Indeed, it was TNR’s readers that had led the publication’s editors to create the Energy & Environment blog in the first place. In December and January, they had launched a survey (designed for marketing purposes), which asked readers what they wanted to read more of. The number-one answer: the environment. In addition to such surveys, Foer said, he tries to read every comment made online. “It’s good to know where your readers minds are at,” he said. “And that’s so easy now. One of the best parts of TNR is that a lot of readers like to think of themselves as being on the staff. They have opinions about everything and they express them livelily.”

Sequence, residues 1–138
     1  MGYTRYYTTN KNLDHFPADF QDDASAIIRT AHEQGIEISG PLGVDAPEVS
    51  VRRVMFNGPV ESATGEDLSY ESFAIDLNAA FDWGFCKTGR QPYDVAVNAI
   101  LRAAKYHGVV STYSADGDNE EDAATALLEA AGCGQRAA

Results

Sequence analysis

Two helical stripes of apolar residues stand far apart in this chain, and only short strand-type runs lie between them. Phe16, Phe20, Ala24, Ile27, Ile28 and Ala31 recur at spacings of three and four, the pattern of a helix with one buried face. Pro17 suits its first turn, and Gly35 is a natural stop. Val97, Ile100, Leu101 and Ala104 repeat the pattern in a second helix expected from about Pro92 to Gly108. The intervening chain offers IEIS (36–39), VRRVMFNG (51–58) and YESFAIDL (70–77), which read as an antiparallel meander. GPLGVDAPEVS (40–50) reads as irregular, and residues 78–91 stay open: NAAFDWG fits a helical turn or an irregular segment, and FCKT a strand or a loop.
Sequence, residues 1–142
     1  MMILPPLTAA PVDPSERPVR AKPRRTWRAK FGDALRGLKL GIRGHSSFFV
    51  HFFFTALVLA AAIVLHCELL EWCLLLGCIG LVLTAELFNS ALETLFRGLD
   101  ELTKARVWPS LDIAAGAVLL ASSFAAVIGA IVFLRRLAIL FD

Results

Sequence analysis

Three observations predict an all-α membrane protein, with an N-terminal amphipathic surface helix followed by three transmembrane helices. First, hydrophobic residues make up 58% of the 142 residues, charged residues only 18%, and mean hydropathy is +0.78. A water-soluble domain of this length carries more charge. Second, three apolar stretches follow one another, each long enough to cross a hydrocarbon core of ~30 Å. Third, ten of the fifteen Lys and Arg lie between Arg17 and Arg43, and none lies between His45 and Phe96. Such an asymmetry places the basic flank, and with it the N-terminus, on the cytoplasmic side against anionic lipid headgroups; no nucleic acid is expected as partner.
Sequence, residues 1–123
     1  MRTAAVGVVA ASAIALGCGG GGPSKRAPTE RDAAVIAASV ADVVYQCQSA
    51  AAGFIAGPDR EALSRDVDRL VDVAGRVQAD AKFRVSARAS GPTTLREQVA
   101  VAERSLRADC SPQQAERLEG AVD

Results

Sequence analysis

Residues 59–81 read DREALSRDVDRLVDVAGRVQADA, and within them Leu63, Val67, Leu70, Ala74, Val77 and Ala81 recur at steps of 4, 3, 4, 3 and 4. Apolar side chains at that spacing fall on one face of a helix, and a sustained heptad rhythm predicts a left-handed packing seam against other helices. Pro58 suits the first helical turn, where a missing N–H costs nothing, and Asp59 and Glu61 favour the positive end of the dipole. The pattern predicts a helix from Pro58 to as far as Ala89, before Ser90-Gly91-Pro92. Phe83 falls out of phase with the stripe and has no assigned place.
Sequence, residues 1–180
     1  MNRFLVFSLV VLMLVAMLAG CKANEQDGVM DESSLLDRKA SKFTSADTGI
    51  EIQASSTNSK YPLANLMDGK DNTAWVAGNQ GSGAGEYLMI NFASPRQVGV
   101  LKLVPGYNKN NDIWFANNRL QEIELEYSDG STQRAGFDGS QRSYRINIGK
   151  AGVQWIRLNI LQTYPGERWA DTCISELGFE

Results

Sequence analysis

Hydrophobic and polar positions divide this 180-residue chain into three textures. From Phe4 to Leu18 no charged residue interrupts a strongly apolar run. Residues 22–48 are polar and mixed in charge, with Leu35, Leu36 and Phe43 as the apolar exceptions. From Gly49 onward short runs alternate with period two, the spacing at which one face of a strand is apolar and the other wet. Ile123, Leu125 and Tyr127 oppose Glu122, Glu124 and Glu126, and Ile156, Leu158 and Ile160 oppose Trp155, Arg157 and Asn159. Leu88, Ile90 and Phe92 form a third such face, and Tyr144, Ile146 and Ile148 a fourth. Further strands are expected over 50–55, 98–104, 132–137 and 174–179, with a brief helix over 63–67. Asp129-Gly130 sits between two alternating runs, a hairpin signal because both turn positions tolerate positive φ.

As attentive to readers’ concerns as any publication may be, however, The New Republic is certainly not alone in facing up to obstacles as it tries to figure out its image, presence, and business plan online. TNR’s dedicated readership seems willing to forgive and forget the logo incident, which is a good thing. The new blog has great writers and, in its first week, has been producing a lot of good content unrelated to and in between explanations of its advertising deal with BP.

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Curtis Brainard writes on science and environment reporting. Follow him on Twitter @cbrainard.